ᴀʀᴇ ᴡᴇ ᴀɴʏ ᴄʟᴏsᴇʀ ᴛᴏ ᴜɴᴅᴇʀsᴛᴀɴᴅɪɴɢ ʙʟᴀᴄᴋ ʜᴏʟᴇs?
Advances in technology have helped astrophysicists learn more about how black holes work.
It took Albert Einstein 10 years to find the equations of general relativity, but German astrophysicist Karl Schwarzschild only needed a few months to solve them. Schwarzschild’s solution describes the gravity of an isolated, spherical and unchanging object – the enigmatic black hole – but it was not understood for many years.
Black holes helped to explain new astronomical discoveries, becoming essential ingredients of astrophysics. Science regarded black holes as abstractions until the 1960s. The recent experimental discovery of gravitational waves has changed our understanding of what black holes are.
In 2016, the LIGO-Virgo collaboration detected gravitational waves generated by two merging black holes, opening a new era of astronomy celebrated by the 2017 Nobel Prize in physics.
In 2019, the Event Horizon Telescope released an image of the supermassive black hole in the nearby galaxy M87. The following year, the Nobel Prize in physics recognized the trailblazing theoretical black hole studies of Roger Penrose and the observational ones by Andrea Ghez and Reinhard Genzel.
What is a black hole?
The notion of black hole reflected in popular science hinges on the idea of event horizon – this is when the velocity needed to escape the gravitational pull of the black hole exceeds the speed of light. Whatever falls into the event horizon is lost forever.
The Schwarzschild radius is the radius of the event horizon, and is proportional to the mass of the black hole. But Schwarzschild’s definition has a pitfall: it requires us to know that nothing will emerge from the black hole. This means that the black hole must be monitored forever to know that nothing exits. In practice, this is impossible.
Another mathematical solution to Einstein’s equations describes the formation of a black hole through the collapse of a spherical shell of light. An event horizon forms at its centre, expands outwards, meets the infalling shell of light at the Schwarzschild radius where it stops – et voila! – a black hole is formed.
New black holes
Perfectly isolated or unchanging black holes do not exist. Real-world black holes are surrounded by disks orbiting them, stellar winds and dark matter, all of which produce infalling matter that increases their masses.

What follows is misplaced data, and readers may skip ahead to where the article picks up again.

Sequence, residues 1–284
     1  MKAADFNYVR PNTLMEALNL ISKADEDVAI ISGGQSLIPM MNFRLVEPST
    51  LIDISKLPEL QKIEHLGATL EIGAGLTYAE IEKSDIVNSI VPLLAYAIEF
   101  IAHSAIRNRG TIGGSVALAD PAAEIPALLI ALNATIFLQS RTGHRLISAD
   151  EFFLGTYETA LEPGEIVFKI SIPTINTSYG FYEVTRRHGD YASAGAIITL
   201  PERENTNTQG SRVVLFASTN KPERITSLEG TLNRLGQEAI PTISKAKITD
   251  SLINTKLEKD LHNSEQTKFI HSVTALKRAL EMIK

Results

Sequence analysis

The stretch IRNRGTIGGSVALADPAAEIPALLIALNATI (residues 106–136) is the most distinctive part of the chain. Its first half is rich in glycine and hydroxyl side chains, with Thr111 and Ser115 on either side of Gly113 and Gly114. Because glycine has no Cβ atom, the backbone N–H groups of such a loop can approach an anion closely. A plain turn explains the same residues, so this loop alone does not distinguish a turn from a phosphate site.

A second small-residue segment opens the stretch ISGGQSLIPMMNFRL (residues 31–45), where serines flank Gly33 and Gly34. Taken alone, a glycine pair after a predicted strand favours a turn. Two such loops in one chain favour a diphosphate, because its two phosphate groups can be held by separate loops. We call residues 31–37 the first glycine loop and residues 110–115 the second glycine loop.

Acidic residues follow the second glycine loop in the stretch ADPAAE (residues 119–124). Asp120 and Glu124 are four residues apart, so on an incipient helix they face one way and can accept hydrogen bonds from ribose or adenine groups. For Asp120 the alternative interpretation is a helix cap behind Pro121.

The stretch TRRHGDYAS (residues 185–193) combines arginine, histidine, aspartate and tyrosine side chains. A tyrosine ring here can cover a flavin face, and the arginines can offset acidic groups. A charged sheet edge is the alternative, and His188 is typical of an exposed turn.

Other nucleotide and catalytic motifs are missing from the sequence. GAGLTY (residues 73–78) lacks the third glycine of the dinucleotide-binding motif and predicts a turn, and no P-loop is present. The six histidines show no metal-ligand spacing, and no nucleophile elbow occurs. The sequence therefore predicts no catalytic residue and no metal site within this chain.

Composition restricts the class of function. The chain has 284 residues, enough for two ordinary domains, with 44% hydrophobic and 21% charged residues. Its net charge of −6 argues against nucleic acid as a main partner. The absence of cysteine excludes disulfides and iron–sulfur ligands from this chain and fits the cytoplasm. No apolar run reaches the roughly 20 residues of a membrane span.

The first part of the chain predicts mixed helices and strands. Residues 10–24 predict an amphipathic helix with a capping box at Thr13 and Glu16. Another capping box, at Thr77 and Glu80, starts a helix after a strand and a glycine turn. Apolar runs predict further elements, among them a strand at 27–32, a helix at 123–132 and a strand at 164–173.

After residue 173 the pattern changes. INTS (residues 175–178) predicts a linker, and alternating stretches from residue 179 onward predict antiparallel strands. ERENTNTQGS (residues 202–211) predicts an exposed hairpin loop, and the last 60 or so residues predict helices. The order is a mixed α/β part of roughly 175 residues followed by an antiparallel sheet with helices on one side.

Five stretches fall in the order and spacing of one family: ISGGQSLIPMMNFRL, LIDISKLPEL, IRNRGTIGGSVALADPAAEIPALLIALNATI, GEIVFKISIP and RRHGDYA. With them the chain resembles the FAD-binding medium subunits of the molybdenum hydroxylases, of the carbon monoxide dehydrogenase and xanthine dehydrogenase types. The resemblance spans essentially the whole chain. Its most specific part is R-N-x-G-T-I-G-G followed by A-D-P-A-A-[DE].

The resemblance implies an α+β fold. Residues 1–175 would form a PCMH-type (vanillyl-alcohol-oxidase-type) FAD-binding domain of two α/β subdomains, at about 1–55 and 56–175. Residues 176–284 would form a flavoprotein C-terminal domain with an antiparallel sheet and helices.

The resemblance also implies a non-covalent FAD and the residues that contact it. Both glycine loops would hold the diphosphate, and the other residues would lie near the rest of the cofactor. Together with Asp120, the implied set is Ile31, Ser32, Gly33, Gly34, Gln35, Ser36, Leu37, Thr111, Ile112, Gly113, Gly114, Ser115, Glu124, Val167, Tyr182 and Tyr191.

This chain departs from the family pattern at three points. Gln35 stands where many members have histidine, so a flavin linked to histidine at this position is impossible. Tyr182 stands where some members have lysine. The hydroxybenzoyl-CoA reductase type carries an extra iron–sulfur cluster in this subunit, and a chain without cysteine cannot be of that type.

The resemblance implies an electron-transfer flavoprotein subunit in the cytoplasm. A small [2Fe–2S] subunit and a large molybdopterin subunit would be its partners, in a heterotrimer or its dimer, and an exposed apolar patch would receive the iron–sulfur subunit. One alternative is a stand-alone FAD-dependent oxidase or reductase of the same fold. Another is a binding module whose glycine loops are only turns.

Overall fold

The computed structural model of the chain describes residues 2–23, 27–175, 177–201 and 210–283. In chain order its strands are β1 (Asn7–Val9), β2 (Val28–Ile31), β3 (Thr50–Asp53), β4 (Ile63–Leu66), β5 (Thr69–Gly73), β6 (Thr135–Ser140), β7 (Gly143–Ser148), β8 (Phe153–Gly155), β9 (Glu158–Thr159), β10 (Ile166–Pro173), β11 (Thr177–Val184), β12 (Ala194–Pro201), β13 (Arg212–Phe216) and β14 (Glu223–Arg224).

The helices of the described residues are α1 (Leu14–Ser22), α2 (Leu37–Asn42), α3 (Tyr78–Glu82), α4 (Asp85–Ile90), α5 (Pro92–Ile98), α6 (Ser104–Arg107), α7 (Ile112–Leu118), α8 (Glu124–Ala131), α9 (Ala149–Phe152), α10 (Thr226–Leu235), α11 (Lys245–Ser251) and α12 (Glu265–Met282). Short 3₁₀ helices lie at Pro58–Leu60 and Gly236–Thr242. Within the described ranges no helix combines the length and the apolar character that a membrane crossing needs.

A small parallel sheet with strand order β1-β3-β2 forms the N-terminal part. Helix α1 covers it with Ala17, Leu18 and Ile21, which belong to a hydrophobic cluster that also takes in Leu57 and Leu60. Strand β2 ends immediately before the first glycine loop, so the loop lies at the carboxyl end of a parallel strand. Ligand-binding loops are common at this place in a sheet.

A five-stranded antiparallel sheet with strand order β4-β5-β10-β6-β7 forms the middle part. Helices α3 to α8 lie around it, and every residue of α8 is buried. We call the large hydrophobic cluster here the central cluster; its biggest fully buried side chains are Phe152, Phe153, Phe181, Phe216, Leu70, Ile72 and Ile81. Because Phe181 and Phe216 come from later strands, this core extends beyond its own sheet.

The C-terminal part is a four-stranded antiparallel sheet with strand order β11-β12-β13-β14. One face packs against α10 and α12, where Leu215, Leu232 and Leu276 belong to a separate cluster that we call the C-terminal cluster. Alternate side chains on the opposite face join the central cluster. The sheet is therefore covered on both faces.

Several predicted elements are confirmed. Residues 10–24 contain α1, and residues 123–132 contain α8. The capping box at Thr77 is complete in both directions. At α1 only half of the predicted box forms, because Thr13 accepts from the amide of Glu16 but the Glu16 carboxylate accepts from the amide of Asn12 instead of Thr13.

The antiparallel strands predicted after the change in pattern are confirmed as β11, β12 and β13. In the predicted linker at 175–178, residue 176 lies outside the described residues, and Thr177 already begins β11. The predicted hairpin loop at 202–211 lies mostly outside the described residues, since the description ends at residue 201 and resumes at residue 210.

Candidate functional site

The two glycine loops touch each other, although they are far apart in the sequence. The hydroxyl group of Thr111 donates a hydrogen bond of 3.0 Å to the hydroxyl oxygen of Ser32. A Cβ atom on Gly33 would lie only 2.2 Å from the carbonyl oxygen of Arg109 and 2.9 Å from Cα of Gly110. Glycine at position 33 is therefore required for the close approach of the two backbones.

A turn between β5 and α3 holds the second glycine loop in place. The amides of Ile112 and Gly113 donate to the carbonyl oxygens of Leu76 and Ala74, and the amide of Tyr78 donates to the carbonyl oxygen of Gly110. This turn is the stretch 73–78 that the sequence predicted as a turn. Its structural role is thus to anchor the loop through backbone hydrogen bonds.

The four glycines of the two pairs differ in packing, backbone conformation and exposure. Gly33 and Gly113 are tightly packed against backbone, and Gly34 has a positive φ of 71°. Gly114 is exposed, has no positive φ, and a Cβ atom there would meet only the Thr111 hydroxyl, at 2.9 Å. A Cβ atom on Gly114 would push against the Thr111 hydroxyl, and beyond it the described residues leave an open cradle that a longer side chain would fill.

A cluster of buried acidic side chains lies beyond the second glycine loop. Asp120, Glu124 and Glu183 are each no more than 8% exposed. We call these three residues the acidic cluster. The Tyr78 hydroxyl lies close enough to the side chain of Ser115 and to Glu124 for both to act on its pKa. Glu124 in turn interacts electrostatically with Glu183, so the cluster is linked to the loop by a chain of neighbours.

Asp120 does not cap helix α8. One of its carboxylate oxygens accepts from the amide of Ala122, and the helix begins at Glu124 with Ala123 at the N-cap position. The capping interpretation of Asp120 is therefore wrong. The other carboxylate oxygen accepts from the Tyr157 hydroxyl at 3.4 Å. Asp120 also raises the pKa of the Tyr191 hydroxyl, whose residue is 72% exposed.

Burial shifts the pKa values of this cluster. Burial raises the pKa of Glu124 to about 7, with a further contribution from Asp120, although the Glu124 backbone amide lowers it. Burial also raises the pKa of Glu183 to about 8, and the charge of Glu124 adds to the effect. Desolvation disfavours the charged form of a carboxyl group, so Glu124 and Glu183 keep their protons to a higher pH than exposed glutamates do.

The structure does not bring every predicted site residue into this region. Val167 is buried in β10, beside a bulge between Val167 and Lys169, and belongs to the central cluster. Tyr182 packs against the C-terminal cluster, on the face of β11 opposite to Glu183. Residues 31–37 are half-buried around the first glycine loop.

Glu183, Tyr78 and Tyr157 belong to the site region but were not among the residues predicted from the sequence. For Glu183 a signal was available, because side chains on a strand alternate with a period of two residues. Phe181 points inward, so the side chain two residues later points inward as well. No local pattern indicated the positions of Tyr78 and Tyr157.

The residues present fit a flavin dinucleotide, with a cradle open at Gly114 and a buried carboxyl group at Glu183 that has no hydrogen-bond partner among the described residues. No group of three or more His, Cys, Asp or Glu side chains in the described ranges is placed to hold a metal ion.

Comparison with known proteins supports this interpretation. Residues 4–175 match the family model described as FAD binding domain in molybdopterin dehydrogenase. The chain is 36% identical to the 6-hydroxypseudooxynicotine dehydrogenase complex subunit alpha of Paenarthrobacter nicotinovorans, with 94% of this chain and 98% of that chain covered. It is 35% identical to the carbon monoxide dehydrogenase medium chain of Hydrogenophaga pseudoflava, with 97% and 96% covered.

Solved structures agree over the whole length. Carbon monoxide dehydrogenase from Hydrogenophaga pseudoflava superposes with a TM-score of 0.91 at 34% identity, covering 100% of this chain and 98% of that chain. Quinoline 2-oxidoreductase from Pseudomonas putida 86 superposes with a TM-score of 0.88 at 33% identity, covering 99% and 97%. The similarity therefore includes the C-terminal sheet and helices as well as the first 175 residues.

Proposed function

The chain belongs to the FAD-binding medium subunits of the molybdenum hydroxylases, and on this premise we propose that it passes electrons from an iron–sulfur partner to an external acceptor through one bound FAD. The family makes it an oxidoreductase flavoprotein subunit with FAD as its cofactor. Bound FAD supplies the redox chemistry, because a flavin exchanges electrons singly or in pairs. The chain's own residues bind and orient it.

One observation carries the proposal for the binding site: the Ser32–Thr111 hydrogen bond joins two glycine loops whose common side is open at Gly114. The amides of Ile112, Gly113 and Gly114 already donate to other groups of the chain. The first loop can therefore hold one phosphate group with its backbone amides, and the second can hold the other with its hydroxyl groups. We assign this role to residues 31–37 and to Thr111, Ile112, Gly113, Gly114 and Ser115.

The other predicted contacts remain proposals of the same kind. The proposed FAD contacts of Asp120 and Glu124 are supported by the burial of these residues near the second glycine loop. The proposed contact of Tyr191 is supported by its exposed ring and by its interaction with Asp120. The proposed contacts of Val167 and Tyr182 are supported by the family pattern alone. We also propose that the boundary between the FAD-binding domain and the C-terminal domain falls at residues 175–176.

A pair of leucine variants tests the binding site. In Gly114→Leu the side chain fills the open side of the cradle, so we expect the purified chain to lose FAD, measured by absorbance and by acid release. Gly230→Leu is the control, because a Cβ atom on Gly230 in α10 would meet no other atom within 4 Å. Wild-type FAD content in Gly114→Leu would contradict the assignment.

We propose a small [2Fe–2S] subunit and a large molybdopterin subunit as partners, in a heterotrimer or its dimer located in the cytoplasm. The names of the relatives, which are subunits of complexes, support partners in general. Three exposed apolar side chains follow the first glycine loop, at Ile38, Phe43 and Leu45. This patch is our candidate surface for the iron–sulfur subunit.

Black holes often exist in pairs, spiralling closer and closer to each other and emitting gravitational waves until they merge into a larger black hole, the horizon changing in time, dramatically so at the merger.
The 2016 LIGO/Virgo gravitational waves originated in the spectacular merger of two black holes. By the time these waves reached Earth, they were weaker than the ambient noise and could only be identified by matching theoretical templates of the expected signal to the data.
Large banks of templates are generated in computer simulations that obviously cannot run forever, as would be necessary if the black hole was characterized by the eternal event horizon. Instead, simulations use the apparent horizon, characterized by the property that nothing can escape from it now.
Apparent horizons have played a crucial role in the newly born gravitational wave astronomy, but are surprisingly little known.
Black holes change because they live in an expanding universe. Theoretical physicist Stephen Hawking predicted that all black holes radiate energy due to quantum mechanics, which makes them shrink. Although negligible for practical purposes, this radiation is unavoidable in principle.
Our understanding of black holes is based on the mathematical definition of horizon. The apparent horizon is defined by the behaviour of light rays in its vicinity: rays cannot escape (and since nothing moves faster than light, nothing escapes) at the present moment.
But how light rays behave depends on the observer describing them using mathematical simulations. Since, in relativity, time and space depend on the observer, the location where rays stop and the present time are different for different observers. So, the apparent horizon itself depends on the observer.
The very existence of the black hole has come to depend on the observer, while the old event horizon was universal.
The mathematics expressing the new black hole concept tells us that, even in Schwarzschild’s case, certain observers exist according to whom there is no apparent horizon and, therefore, no black hole! Admittedly, these mathematical observers are very artificial.
All natural observations (those that occur through observing the actual behaviour of a black hole) that perceive the Schwarzschild geometry as spherical, agree on the existence and location of the apparent horizon.
Scientists have finally detected gravitational waves from black holes but had to change the way they understand them. The essence of black hole theory is now different.